• 102.13 deaths per 1,000 live births in Tanzania 2004 (CIA, 2004)
    • 21.14 deaths per 1,000 live births in Thailand 2004 (CIA, 2004)
    • 67.66 deaths per 1,000 live births in Togo 2004 (CIA, 2004)
    • 12.99 deaths per 1,000 live births in Tonga 2004 (CIA, 2004)
    • 24.64 deaths per 1,000 live births in Trinidad and Tobago 2004 (CIA, 2004)
    • 25.76 deaths per 1,000 live births in Tunisia 2004 (CIA, 2004)
    • 42.62 deaths per 1,000 live births in Turkey 2004 (CIA, 2004)
    • 73.13 deaths per 1,000 live births in Turkmenistan 2004 (CIA, 2004)
    • 16.27 deaths per 1,000 live births in Turks and Caicos Islands 2004 (CIA, 2004)
    • 20.69 deaths per 1,000 live births in Tuvalu 2004 (CIA, 2004)
    • 86.15 deaths per 1,000 live births in Uganda 2004 (CIA, 2004)
    • 20.61 deaths per 1,000 live births in Ukraine 2004 (CIA, 2004)
    • 15.06 deaths per 1,000 live births in United Arab Emirates 2004 (CIA, 2004)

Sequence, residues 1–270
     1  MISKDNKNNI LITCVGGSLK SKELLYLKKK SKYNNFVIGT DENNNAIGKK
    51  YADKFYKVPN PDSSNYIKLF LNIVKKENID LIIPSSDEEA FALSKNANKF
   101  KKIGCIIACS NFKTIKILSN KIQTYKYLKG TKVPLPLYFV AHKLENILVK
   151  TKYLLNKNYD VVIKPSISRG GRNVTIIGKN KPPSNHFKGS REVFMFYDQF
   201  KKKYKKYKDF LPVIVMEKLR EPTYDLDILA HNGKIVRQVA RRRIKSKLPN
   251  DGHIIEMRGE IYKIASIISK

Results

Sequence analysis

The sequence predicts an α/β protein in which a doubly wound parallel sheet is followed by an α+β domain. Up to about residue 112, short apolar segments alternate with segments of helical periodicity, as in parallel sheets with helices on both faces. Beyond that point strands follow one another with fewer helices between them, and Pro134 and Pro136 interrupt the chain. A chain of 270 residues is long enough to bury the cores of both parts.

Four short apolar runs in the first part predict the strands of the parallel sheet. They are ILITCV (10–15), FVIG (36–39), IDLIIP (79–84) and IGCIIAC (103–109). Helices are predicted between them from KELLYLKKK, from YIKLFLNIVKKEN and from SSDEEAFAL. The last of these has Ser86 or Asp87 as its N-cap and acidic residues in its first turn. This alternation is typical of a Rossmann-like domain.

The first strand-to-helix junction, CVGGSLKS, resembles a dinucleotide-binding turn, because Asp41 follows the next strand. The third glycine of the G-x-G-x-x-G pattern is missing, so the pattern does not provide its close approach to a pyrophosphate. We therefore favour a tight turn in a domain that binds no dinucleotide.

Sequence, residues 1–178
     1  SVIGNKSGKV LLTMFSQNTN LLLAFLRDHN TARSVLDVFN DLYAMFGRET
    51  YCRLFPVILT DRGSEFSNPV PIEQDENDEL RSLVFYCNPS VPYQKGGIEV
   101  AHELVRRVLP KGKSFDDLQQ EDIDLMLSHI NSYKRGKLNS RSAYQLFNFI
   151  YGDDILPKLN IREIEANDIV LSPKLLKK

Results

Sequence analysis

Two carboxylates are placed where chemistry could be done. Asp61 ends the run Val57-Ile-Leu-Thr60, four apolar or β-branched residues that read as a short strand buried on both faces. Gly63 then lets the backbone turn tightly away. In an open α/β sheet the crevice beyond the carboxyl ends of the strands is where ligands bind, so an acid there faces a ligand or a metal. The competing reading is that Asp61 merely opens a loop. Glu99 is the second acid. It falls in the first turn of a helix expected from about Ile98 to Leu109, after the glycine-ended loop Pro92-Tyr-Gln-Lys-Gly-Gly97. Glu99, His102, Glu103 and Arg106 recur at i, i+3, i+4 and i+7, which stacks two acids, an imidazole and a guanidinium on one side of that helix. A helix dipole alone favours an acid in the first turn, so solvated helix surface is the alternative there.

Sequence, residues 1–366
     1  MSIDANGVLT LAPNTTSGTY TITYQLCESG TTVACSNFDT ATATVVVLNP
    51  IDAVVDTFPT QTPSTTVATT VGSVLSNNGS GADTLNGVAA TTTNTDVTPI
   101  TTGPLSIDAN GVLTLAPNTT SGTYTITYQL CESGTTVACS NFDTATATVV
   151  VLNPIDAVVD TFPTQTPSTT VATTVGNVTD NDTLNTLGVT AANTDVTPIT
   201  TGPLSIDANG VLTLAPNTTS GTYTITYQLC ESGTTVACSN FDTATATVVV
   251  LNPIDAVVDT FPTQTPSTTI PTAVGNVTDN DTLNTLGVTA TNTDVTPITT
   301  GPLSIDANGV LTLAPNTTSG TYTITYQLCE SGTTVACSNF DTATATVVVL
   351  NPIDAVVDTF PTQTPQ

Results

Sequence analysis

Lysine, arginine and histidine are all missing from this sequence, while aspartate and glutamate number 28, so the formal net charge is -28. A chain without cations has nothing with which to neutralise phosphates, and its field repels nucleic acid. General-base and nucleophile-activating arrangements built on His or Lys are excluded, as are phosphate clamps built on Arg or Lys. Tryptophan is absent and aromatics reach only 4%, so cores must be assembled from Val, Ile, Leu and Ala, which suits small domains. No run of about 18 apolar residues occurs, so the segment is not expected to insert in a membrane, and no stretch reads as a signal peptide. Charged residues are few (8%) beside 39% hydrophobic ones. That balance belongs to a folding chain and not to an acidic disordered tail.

• 5.22 deaths per 1,000 live births in United Kingdom 2004 (CIA, 2004)
    • 6.63 deaths per 1,000 live births in United States 2004 (CIA, 2004)
    • 12.31 deaths per 1,000 live births in Uruguay 2004 (CIA, 2004)
    • 71.3 deaths per 1,000 live births in Uzbekistan 2004 (CIA, 2004)
    • 56.63 deaths per 1,000 live births in Vanuatu 2004 (CIA, 2004)
    • 22.99 deaths per 1,000 live births in Venezuela 2004 (CIA, 2004)
    • 29.88 deaths per 1,000 live births in Vietnam 2004 (CIA, 2004)
    • 8.21 deaths per 1,000 live births in Virgin Islands 2004 (CIA, 2004)
    • 20.16 deaths per 1,000 live births in West Bank 2004 (CIA, 2004)
    • 50.31 deaths per 1,000 live births worldwide 2004 (CIA, 2004)
    • 63.26 deaths per 1,000 live births in Yemen 2004 (CIA, 2004)
    • 98.4 deaths per 1,000 live births in Zambia 2004 (CIA, 2004)
    • 67.08 deaths per 1,000 live births in Zimbabwe 2004 (CIA, 2004)
  • Death statistics by state in Australia:
    • 4.6 babies died per 1,000 live births in New South Wales 2002 (ABS Cat. No. 3302.0, Australia’s Health 2004, AIHW)
    • 5.0 babies died per 1,000 live births in Victoria 2002 (ABS Cat. No. 3302.0, Australia’s Health 2004, AIHW)
    • 5.8 babies died per 1,000 live births in Queensland 2002 (ABS Cat. No. 3302.0, Australia’s Health 2004, AIHW)
    • 4.3 babies died per 1,000 live births in Western Australia 2002 (ABS Cat. No. 3302.0, Australia’s Health 2004, AIHW)
    • 5.1 babies died per 1,000 live births in South Australia 2002 (ABS Cat. No. 3302.0, Australia’s Health 2004, AIHW)